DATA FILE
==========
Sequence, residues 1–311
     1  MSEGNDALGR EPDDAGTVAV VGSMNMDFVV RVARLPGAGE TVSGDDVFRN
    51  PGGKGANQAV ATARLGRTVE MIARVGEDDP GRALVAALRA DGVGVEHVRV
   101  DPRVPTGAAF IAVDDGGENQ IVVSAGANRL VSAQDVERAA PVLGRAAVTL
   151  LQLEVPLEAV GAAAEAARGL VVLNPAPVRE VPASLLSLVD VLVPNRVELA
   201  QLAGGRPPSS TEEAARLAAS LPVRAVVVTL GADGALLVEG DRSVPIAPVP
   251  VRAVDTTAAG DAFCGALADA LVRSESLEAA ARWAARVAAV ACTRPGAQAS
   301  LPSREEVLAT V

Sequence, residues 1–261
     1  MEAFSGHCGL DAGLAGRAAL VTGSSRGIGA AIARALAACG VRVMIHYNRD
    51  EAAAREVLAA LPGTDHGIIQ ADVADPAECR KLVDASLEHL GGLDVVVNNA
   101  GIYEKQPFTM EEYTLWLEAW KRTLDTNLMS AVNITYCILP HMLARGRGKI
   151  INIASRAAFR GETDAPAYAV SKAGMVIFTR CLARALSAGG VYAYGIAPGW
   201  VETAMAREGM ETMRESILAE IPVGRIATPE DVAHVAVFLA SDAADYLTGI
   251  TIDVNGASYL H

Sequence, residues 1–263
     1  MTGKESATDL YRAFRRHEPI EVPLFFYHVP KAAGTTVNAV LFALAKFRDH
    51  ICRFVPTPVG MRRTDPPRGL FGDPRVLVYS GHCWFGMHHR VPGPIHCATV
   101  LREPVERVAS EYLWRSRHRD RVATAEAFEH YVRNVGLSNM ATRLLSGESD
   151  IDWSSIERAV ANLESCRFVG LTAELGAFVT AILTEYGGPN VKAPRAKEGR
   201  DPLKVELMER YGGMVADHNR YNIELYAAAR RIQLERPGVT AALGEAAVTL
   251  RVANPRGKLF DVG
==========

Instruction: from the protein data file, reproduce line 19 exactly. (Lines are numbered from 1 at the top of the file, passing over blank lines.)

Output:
   101  LREPVERVAS EYLWRSRHRD RVATAEAFEH YVRNVGLSNM ATRLLSGESD